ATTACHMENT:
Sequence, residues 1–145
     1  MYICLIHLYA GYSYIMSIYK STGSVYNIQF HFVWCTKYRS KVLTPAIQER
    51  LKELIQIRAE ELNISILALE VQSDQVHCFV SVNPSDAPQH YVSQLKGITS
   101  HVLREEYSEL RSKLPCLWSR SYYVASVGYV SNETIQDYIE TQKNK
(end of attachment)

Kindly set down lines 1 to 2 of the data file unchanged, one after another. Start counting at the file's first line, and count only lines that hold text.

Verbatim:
Sequence, residues 1–145
     1  MYICLIHLYA GYSYIMSIYK STGSVYNIQF HFVWCTKYRS KVLTPAIQER